Substance Misuse

People use substances, including alcohol, drugs that are prescribed, and street drugs, for many different reasons. Some of these include:

  • As a social activity, such as having a drink with friends, smoking a joint with peers or doing a party drug at a rave;
  • Because of a desire to fit in with a group of peers who are using drugs;
  • To cope with pain, either physical or emotional;
  • To cope with strong or intense emotions, both negative and positive;
  • To avoid experiencing withdrawal from prescribed or street drugs;
  • To manage mental health symptoms, such as feelings of anxiety, attention deficit disorders or depression;
  • To feel some relief from life struggles such as poverty, homelessness and trauma.

Many people who use substances do not go on to develop a problem. However, others develop both physical and psychological dependence to the drugs or alcohol that they use. This includes using alcohol and drugs in ways that cause more risk or problems for the person or their friends and family.

Many studies have looked at why some people develop a substance use problem and others do not. We know from this research that many people who develop a problem have a history of some type of trauma in their life. These experiences can heavily affect a person’s ability to cope with the ongoing issues that they face.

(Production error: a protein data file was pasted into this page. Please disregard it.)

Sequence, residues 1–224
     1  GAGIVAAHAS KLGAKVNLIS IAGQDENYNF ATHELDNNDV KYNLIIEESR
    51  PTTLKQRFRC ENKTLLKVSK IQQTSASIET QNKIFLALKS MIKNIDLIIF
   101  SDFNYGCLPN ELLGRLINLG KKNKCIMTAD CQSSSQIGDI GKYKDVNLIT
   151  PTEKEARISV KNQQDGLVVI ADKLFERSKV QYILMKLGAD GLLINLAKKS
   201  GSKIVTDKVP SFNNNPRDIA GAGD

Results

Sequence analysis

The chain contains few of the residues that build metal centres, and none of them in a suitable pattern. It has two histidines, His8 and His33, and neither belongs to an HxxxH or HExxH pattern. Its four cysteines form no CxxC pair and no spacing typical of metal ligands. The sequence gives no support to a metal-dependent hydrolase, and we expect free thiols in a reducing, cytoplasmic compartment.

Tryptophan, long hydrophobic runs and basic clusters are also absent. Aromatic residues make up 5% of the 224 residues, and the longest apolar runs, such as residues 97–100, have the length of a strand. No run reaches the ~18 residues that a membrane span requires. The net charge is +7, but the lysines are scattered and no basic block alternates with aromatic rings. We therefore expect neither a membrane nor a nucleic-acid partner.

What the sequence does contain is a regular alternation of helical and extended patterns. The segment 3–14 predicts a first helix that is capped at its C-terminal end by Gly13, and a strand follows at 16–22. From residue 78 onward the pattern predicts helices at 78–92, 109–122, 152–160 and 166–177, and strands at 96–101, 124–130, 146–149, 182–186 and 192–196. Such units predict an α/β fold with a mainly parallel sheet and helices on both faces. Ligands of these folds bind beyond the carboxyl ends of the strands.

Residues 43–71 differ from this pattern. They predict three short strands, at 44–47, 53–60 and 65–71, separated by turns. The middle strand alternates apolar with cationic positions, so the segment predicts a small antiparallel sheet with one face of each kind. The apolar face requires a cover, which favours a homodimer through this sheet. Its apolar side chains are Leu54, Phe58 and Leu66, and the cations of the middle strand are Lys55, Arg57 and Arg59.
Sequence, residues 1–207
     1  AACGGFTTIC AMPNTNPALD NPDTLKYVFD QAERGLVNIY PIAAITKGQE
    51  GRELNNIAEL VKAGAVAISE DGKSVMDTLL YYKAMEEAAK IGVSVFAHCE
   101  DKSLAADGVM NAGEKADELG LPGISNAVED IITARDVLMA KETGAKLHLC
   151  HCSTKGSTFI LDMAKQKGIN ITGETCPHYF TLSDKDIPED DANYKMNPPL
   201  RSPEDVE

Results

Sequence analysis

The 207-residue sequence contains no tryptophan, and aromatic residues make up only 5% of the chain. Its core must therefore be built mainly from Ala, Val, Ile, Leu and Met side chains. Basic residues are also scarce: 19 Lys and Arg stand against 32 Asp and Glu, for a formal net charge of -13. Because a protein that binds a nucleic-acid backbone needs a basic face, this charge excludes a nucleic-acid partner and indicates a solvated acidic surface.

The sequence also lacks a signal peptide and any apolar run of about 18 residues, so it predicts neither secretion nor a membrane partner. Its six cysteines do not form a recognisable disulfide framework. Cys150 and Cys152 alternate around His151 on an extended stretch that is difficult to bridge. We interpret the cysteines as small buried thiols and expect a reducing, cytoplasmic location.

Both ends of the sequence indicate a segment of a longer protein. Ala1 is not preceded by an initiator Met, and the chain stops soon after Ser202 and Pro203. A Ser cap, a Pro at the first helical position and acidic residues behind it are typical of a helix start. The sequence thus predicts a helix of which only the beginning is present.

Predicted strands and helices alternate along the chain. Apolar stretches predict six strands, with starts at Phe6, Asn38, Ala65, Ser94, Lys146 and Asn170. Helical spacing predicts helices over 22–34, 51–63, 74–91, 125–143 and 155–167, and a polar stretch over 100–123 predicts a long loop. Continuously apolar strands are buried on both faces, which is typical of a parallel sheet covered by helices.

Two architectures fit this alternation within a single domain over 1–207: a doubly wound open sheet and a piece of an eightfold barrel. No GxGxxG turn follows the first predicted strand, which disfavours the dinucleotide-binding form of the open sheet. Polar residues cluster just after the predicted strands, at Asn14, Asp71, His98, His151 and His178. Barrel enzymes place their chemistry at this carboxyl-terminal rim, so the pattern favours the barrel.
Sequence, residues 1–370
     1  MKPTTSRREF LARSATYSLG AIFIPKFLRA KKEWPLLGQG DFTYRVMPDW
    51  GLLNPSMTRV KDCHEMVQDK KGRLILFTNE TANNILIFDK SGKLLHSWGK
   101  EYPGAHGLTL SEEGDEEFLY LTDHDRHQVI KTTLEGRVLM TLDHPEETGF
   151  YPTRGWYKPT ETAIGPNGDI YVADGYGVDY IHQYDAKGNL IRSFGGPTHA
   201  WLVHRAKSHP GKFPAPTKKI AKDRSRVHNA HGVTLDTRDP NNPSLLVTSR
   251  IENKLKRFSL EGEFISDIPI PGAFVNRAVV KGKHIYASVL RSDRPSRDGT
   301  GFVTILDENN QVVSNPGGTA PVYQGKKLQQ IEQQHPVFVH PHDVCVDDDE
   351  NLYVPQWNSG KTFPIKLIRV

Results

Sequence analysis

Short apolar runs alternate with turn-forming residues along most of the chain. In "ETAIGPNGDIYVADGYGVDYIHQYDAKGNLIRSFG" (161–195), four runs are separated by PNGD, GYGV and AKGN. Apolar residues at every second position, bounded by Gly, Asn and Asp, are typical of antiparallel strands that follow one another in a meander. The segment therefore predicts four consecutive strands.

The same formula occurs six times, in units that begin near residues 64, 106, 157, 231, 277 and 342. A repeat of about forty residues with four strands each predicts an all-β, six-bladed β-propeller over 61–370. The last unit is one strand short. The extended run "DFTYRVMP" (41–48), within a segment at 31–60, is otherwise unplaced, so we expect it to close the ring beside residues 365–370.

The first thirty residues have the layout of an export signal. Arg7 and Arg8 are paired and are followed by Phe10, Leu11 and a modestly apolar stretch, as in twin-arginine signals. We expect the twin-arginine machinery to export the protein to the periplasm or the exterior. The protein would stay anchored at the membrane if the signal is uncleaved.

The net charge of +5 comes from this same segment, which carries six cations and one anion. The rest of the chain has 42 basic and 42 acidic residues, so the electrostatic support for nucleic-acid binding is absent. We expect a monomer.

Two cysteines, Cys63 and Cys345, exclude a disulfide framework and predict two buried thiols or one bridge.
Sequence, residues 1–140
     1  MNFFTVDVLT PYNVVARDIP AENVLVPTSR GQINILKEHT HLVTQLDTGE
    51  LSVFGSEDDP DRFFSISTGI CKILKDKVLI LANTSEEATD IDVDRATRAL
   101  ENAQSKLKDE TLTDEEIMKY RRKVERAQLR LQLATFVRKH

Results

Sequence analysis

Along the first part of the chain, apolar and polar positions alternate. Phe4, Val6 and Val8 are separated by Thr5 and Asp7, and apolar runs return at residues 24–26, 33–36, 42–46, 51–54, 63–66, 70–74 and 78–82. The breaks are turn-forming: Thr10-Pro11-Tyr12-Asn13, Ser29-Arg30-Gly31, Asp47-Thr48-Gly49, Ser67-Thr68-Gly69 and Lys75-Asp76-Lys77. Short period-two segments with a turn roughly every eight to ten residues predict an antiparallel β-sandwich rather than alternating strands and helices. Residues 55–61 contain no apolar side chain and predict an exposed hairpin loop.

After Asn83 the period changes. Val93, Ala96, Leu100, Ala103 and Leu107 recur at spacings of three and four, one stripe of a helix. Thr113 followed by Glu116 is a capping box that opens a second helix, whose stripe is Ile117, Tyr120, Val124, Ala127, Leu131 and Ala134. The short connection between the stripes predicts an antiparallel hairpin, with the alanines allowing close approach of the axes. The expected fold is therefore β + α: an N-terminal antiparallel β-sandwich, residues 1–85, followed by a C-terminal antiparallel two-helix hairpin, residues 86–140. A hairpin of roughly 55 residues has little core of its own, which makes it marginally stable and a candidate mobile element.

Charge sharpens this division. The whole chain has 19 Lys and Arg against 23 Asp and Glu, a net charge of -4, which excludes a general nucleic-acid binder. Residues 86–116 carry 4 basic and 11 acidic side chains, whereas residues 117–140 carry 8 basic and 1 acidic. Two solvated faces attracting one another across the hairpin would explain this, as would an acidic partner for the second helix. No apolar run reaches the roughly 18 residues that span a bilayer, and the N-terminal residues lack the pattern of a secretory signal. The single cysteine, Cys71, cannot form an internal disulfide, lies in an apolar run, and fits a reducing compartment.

Substance misuse may have negative impacts on health, personal relationships and overall wellbeing. Some impacts are viewed by society as being more “normal” or “acceptable,” such as missing work because of a hangover, or getting drunk at a bar or a work party and embarrassing yourself. Other impacts are seen as more serious or unacceptable, such as overdose, going to jail or losing your home or your children.

We acknowledge that individuals living with addictions deserve to be treated with compassion, dignity and respect. In Guelph and Wellington County, we recognize that we all play an important role in responding to these issues together. It is for this reason that we initially developed our 4-pillars municipal drug strategy. We continue to work together to bring the strategies to life in meaningful ways, trying our best to help those who are impacted and harmed by substance misuse in our community.